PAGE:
Survey’s vagueness is just the tip of the ICEberg

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By Louie Diaz Jr.

The president of Ryerson’s faculty association says publishing the findings of the school’s Instructor Course Evaluations does nothing to address the fact the surveys are flawed.

“No one has phoned or e-mailed me about this,” RFA president Michael Doucet said of the survey findings obtained and printed by The Eyeopener last week.

The Eyeopener calculated the average rating for each program and department surveyed in the fall 1999 and winter 2000 semesters, showing students where their course of study ranked for the first time since 1995.

Of the 11 questions students are asked to rank on a scale of one to five, The Eyeopener took nine, eliminating ones dealing with class workload, and averaged them to come up with the winners and losers.

Doucet questioned the way The Eyeopener arrived at its results—he said coming up with an average blurs the final numbers—but said it’s a moot point because most people realize the surveys don’t accurately reflect how students feel.

“The right questions are not asked,” Doucet said. “The faculty needs information that can actually be used. ICE doesn’t tell us how to make us better teachers.”

“I know a lot of faculty that are so unhappy that they administer their own questionnaire.”

Another problem Doucet points out is the low participation rate of the biannual ICE survey.

“A small group of disgruntled students whose opinions is taken can represent everyone,” Doucet said.

In the fall 1999 survey, more than 92 per cent of chemical engineering students responded to the survey, but in other programs the turnout was less than 50 per cent.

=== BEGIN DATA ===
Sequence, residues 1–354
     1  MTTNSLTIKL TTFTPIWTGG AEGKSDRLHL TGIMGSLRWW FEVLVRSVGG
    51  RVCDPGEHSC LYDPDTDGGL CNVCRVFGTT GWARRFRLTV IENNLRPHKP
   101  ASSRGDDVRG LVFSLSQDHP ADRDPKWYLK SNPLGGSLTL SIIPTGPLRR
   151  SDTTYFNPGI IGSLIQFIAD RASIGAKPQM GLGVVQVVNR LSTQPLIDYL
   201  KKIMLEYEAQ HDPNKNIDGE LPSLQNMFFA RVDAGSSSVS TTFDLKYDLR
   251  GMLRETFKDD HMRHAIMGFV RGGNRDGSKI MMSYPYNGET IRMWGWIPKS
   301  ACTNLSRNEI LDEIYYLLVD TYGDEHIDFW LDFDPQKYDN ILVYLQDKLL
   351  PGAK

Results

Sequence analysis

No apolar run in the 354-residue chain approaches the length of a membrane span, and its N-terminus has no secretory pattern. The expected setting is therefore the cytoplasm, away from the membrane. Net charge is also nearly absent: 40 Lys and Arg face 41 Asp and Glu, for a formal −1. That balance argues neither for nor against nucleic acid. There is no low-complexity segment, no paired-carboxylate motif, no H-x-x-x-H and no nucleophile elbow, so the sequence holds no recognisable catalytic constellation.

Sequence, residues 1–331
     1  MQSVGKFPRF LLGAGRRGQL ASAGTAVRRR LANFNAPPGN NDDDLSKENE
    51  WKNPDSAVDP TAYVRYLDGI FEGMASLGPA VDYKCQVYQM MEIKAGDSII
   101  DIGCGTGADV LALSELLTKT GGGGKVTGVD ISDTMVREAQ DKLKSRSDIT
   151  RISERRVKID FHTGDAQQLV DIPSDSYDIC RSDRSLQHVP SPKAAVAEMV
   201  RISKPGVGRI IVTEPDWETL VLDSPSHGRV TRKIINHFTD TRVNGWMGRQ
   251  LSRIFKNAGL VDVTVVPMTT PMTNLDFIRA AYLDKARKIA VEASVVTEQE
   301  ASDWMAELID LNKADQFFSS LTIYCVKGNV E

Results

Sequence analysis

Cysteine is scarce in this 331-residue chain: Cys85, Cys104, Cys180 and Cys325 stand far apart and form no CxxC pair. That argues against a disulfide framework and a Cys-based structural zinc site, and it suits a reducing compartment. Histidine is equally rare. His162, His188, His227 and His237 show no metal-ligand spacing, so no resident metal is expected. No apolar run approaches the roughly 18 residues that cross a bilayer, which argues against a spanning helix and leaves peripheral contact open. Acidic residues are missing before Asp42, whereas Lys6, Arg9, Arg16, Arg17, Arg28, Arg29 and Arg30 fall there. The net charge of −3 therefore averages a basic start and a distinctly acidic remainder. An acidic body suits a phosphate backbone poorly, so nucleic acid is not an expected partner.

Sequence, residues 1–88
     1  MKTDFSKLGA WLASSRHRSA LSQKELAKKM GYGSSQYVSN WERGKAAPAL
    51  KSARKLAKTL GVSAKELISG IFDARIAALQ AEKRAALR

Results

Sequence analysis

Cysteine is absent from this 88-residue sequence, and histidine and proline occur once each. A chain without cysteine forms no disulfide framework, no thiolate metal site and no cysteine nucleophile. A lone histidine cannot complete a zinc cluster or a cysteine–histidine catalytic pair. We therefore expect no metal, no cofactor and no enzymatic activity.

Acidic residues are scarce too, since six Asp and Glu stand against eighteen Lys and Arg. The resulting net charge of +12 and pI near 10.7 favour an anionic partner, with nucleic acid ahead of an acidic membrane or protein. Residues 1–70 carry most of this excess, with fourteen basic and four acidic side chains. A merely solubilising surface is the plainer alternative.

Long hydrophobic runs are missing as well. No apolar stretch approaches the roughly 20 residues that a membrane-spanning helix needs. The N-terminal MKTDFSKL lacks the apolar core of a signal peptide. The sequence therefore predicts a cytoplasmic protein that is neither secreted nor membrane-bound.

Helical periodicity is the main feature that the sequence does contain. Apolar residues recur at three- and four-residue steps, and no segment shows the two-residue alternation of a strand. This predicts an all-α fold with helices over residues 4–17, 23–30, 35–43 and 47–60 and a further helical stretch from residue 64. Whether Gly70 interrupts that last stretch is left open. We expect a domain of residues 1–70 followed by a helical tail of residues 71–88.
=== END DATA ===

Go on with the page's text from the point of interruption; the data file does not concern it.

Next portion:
Third-year graphic communications management student Nithiya Thaya, whose program ranked at the bottom of the fall 1999 survey and third-last the next semester, said the surveys don’t accurately depict the program’s benefits.

“The conflict is that the program is good, but the survey says it’s bad,” she said.

Despite the survey’s inability to accurately depict a program’s faults, some students say they’d still like to see their individual professors’ results.

“It would be nice to know what certain profs get,” said Steve Filipe, a fourth-year administration and information management student. “It benefits us because we might want to pick one prof over another.”

But a clause in the Ryerson faculty association’s current contract keeps individual instructors’ results private.

“That would be a serious breach of security for the university,” Doucet said.

The RFA’s contract expires on June 30, 2001, and any changes to the ICE would have to be written into a new contract then. Two committees—one made up of faculty and administration and the other of faculty, administration and students—have been struck to look into other ways to survey courses.

None of them have met yet.

“We’re stuck with the ICE for another year,” Doucet said, “like it or not.”

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